There’s something special about going back and experiencing old games with fresh eyes. I’m not talking about revisiting childhood staples, though that is great too, but playing games for the first time that are 10, 20, even 30 years old. Some games buckle under the weight of their age, others hardly show their years at all. But always, always, there’s a history lesson to be found within, a fascinating insight into how gaming has gotten to where it is today.
Enter Dragon Quest. Originally released in 1986 for the Famicom in Japan, the game opened the door to one of Enix’s (now Square Enix) most popular series’, and in a lot of ways, laid the foundations for the Japanese role-playing game (JRPG) genre as we know it. Everything from powerhouses like Final Fantasy to the quirky, niche offerings of Nippon Ichi Software owe some tribute to Dragon Quest.
Which makes playing it today a strange, surreal experience. Even the Android version – which is based on the Super Famicom remake, and has a number of improvements to make the game more accessible – feels dated for reasons that a simple graphical overhaul can’t help. The story is barebones, progression is based around excessive grinding, and the game is very vague about what you actually need to do at any given point. But going in with the knowledge that this is essentially a 30 year old game makes it easier to overlook, and even enjoy, these flaws, and the history they trace for the genre. In other ways, Dragon Quest is a game that was impressively ahead of its time.
The game casts you as the descendant of the hero Erdrick, who is prophesied to be the one to end the threat of villainous Dragonlord who has been terrorising the world. Along the way, you’ll rescue Princess Gwaelin, who falls madly in love with you, and… that’s pretty much it. Admittedly, this is more plot than a lot of what games of the time had to offer, but it’s simple and barebones.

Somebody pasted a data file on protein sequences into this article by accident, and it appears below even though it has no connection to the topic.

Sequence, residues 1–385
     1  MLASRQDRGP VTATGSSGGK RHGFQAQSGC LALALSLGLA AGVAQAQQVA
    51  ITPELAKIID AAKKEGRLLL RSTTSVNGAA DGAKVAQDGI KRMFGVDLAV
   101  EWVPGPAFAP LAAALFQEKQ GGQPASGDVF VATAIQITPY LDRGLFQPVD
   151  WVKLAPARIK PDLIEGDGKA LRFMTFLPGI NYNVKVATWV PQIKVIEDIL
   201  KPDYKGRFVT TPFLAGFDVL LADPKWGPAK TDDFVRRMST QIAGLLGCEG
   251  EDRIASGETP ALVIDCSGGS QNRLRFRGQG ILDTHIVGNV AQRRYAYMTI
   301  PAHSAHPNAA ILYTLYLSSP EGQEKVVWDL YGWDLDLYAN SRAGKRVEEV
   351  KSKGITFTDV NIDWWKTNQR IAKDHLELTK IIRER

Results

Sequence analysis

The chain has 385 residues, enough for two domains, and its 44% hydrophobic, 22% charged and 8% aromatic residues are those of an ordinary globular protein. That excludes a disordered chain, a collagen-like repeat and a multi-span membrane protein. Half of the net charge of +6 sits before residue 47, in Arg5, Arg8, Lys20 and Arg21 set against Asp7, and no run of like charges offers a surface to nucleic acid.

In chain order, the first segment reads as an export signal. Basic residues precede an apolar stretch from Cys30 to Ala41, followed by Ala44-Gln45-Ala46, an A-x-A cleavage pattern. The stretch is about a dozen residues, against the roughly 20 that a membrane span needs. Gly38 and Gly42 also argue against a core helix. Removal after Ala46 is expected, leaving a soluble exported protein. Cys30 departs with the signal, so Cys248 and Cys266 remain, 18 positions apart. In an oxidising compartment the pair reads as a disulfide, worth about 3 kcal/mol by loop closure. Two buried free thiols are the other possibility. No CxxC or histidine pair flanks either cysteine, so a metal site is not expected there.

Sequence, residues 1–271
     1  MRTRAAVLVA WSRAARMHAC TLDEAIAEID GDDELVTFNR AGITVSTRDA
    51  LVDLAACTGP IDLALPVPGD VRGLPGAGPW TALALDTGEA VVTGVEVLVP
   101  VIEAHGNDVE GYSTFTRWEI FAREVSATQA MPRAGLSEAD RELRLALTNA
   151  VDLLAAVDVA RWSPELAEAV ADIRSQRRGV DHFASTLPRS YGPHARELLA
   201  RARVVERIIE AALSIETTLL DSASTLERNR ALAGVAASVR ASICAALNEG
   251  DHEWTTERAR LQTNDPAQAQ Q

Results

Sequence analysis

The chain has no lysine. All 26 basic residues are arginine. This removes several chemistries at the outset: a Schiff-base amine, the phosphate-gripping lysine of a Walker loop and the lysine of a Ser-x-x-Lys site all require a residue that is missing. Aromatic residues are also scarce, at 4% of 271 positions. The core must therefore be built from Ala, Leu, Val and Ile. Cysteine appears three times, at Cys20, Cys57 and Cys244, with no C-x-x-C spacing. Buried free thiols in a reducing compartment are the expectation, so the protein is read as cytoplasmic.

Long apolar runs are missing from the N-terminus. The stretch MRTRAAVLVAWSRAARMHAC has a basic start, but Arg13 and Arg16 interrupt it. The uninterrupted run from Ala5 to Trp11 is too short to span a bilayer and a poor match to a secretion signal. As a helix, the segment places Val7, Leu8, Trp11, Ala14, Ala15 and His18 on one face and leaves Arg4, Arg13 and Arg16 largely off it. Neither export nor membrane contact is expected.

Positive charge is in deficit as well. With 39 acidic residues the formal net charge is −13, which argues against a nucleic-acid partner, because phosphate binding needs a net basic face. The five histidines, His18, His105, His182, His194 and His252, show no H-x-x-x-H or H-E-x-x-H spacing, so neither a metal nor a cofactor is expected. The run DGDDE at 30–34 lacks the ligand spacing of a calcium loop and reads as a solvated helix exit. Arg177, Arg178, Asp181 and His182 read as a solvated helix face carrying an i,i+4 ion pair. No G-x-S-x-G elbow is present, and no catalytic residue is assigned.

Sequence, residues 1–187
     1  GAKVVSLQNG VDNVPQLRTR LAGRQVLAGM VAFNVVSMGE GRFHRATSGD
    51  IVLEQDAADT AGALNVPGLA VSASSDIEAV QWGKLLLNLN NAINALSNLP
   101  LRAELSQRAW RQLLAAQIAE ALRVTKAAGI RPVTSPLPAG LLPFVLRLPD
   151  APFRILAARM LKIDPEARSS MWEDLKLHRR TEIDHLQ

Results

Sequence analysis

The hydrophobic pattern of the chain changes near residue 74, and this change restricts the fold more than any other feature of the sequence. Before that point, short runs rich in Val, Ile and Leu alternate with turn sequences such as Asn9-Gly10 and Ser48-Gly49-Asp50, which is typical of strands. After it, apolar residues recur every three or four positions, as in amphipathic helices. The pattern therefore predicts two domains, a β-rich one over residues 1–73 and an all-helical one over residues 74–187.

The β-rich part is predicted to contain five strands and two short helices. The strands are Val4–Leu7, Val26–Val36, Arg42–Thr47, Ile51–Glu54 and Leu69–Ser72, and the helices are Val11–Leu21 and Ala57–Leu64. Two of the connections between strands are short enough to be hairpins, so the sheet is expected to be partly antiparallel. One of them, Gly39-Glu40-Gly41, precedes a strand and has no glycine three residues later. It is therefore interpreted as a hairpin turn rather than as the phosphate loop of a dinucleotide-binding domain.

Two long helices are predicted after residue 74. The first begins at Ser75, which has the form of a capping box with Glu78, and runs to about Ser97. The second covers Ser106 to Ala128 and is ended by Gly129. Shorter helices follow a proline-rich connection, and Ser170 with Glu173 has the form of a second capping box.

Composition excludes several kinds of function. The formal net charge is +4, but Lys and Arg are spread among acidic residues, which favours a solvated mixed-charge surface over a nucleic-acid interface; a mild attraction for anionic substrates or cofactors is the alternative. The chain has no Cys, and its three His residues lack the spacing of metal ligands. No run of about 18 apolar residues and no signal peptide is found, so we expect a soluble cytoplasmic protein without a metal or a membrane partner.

And yet, one can see the seeds of many, many JRPGs to follow, here. The “prophesied hero saves the world” trope is one that would be used time and again in the years following Dragon Quest’s release, with each retelling growing more and more complex and intricate. Even something like Final Fantasy VI – rightly regarded by many as one of the finest examples of JRPG storytelling, and with very little in common with Dragon Quest at a surface level – has the same basic, underlying structure.
But again, this outmoded design has a kind of nostalgic charm to it. There’s something fundamentally rewarding about that gameplay cycle of fight monsters, get stronger, fight stronger monsters, ad. To this day, that’s the most basic component of RPG design; developers have just learned to balance it better and found new, interesting ways to frame it. Playing the mobile version helps, too, because you can play in short bursts without really getting overwhelmed by tedium, and should you overestimate your capabilities, there are no game overs any more. Dying sends you back to the castle where you begin the game, sure, but you no longer lose any progress since your last save.
As I said, Dragon Quest was also way ahead of its time. It gives players an non-linear, open world to explore, with the toughness of foes the only means of gate keeping. “Open world” – or, if you prefer, the game industry’s favourite catchphrase in 2015. It let players save and continue their game, a rarity for console games of the time, and took the fairly complicated role-playing genre and simplified it for the masses, creating a whole subgenre in the process.
This is, of course, also the start of a long and successful franchise, which gives Dragon Quest another layer of nostalgia. If you’re a fan of the series, you’ll see plenty of familiar faces here – Slimes, Drackies, and Golems, to name a few. The Dragon Quest series is one with distinctive, recurring visual themes, monsters, and art styles, all of which can be seen in the first game. It’s interesting to see where this all began, but even more so, how little some things have changed over the course of 30 years, 10 main-series games, and countless spinoffs.
If Dragon Quest came out today, it would be rightfully panned for its simple, trope-laden plot and repetitive, grind-based progression. But, in the context of its time, it’s a rather groundbreaking game, and that shows through even today. Like so many of its peers, Dragon Quest holds up not necessarily as a timeless classic, but as an important and fascinating history lesson.
Dragon Quest is created and published by Square Enix; the Android and iOS version was released November 2013 in Japan and September 2014 worldwide. The original game was created and published by Enix in 1986 for Famicom (Japan) / 1989 for Nintendo Entertainment System (North America, as Dragon Warrior).
The game was bought from Google Play by at the reviewer’s expense.